Open

by damned truths

submit your photo


Hall of Fame
View past winners from this year

Please participate in Meta
and help us grow.

Tag Info

Hot answers tagged

12

Portra is a low-contrast, low-saturation film made primarily for wedding and portrait photographers (it's the successor to Vericolor III Professional). It's designed to capture the details in both the white wedding dress and the black tuxedo at the same time, while rendering pleasing, blemish-minimized skin tones. There's nothing special about its grain ...


10

I've got good news and bad news for you. And I'll start with the good: we are in the midst of a golden age of cameras, from every tier from entry-level to the enthusiast models you are looking at to the top of the line medium format options. There are hundreds of options which easily get an "excellent" rating in all the categories you describe. And you don't ...


6

Get your hands on the cameras in question. The choice between mirrorless and dSLR isn't one of image quality or return-on-cost. It's about handling. I tend to make the analogy that a dSLR is like a big red toolbox and a P&S is like a swiss army knife. If I'm going to overextend that analogy, mirrorless is like using a tool belt. Which tool you want ...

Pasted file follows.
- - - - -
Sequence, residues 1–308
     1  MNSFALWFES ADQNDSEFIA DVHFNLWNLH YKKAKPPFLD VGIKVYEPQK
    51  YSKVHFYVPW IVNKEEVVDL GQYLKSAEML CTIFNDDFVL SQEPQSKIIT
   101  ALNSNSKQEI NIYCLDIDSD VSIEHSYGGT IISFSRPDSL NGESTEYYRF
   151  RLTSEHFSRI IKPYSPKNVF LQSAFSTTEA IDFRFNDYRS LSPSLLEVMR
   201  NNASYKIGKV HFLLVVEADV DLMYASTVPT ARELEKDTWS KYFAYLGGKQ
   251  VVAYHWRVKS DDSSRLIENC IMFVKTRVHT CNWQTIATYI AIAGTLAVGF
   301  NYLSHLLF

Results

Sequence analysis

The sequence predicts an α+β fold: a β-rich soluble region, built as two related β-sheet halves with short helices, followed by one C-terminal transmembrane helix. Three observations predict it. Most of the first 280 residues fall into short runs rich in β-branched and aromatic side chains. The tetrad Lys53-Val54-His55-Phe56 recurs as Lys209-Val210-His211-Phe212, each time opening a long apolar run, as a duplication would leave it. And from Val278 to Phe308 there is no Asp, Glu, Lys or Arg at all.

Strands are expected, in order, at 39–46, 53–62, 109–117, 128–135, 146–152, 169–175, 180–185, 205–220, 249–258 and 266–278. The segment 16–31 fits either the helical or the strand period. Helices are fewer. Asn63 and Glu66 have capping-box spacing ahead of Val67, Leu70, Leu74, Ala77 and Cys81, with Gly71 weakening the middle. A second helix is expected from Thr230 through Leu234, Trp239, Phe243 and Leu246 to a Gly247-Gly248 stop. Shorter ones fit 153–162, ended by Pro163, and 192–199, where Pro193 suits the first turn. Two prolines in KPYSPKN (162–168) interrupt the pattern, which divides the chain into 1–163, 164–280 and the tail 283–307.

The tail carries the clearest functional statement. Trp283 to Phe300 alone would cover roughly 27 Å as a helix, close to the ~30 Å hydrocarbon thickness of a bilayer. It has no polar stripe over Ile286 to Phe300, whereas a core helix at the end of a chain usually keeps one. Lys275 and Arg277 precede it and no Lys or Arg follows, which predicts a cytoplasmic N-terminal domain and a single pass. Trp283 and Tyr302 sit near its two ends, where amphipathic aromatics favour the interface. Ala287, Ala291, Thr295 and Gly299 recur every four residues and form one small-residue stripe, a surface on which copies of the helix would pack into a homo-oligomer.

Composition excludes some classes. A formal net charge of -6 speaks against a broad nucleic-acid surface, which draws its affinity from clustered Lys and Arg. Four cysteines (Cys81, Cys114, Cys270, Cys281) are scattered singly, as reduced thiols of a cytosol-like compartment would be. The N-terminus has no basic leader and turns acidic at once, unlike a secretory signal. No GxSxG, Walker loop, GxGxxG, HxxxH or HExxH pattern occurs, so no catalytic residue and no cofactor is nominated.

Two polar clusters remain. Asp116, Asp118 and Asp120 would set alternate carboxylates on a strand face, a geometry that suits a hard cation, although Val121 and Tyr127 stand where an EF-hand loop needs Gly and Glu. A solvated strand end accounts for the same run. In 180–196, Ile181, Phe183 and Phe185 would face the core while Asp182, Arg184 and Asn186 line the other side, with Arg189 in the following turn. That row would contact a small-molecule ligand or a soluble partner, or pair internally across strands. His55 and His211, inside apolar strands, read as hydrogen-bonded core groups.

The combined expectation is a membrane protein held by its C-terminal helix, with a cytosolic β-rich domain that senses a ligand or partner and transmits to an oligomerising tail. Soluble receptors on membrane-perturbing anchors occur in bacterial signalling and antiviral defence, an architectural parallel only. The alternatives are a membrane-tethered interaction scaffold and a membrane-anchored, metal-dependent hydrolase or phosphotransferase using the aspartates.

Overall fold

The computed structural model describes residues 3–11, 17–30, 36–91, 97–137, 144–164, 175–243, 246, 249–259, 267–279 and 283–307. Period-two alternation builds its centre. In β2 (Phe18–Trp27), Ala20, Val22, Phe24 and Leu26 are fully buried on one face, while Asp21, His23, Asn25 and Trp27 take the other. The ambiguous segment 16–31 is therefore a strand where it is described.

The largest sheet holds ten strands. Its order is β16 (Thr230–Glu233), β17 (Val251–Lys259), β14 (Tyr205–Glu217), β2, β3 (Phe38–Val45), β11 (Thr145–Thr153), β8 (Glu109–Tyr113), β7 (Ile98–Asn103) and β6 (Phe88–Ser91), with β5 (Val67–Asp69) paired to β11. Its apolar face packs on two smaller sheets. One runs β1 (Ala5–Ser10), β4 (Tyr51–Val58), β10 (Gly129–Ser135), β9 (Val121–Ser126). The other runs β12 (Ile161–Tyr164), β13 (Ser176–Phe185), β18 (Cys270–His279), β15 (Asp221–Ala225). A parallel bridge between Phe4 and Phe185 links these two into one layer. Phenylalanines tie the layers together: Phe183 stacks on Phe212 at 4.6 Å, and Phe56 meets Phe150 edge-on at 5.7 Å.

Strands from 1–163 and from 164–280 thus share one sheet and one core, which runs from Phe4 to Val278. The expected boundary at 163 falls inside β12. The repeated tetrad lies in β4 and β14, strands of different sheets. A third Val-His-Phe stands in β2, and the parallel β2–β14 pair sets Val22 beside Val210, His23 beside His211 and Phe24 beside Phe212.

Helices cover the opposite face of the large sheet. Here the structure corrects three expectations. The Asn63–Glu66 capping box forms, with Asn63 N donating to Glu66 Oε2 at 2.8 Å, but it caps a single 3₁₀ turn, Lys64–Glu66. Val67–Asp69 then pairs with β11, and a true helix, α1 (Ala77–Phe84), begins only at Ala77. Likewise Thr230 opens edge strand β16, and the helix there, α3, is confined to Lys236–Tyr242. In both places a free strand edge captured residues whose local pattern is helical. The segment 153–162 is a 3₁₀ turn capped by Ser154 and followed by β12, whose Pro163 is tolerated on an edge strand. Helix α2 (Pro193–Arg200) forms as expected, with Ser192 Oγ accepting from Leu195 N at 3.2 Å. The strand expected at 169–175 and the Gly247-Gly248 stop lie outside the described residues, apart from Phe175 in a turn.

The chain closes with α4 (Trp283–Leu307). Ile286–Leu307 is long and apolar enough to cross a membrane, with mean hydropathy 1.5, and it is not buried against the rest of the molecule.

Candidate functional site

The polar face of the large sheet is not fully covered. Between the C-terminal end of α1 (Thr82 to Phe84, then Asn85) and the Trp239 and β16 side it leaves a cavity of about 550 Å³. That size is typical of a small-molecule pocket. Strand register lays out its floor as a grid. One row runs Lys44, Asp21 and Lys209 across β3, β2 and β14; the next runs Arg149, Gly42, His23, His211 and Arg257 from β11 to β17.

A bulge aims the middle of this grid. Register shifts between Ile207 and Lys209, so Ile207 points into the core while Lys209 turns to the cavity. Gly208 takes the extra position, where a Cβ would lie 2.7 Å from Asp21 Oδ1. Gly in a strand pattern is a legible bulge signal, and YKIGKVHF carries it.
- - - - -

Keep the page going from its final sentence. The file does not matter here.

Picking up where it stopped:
5

To answer question 1, a large difference between phone and compact cameras is the lens. Phones typically have simple lenses with few elements which are designed to fit flush with the phone's body. Compact cameras more often than not have lenses which extend from the body when the camera is turned on, allowing them to be complex (having multiple elements to ...


5

The truth is that any such decision is about compromise. You cannot have any one camera that is best for all 1 to 6 points you mentioned and do not think you can add weight as 7! Look at your requirements one-by-one and see what is best for each of them. Then choose a camera which achieves a good balance among these: Image quality: Resolution is the ...


5

If the choice is based over which camera allows me to produce better photos, I'd choose the 5D mark III over the 70D hands down and never look back. I regularly use both a Canon 7D and a Canon 5D mark II. When I am shooting with only one body it is almost always the Full Frame 5DII. To my eyes there is a visible difference between images made with each ...


5

I only have odd numbered 5Ds, but the pixel pitch is very similar between the 5DmkII and 5D mkIII so the results ought to hold up. Here's the same scene shot using a tripod under the same lighting, 1/8s exposure ISO 100, f/1.2 (using the Canon 85L). RAW, converted with ACR with the same settings (everything on zero with a linear tonecurve). I shot pairs of ...


4

There are two main things I can think of, the first is the autofocus. On a DSLR, the mirror reflects light on to a Phase Detect Auto Focus sensor while you are looking in the view finder. While PDAF isn't as accurate as contrast based detection (which can be done with a standard CMOS sensor) it is much faster. Since mirrorless lack the mirror, they ...


4